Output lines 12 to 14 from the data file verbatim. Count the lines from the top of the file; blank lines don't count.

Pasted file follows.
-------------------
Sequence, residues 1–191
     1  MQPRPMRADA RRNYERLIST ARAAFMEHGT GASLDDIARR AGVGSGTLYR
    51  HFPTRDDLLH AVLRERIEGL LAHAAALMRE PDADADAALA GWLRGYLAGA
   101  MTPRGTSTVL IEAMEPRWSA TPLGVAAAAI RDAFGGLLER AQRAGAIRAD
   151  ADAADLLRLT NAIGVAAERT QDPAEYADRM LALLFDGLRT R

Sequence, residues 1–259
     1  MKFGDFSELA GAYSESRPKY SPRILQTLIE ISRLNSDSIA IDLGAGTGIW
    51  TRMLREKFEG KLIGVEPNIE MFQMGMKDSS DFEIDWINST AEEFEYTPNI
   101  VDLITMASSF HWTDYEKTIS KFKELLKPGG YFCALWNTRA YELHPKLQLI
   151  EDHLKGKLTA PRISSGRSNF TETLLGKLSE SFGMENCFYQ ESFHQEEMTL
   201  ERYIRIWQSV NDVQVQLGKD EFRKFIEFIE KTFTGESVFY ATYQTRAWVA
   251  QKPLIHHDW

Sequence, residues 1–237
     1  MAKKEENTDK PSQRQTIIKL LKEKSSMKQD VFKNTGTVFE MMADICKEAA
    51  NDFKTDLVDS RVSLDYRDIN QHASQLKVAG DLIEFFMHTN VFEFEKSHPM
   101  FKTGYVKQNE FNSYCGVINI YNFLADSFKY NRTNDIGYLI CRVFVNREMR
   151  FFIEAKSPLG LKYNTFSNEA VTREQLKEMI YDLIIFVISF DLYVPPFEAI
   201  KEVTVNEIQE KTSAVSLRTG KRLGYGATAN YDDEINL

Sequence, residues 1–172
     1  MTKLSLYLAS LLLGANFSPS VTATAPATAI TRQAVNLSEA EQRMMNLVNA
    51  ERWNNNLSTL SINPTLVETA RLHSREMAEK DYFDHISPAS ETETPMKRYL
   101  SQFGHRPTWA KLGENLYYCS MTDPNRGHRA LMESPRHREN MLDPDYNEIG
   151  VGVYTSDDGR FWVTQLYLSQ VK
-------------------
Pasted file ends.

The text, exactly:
   251  QKPLIHHDW

Sequence, residues 1–237
     1  MAKKEENTDK PSQRQTIIKL LKEKSSMKQD VFKNTGTVFE MMADICKEAA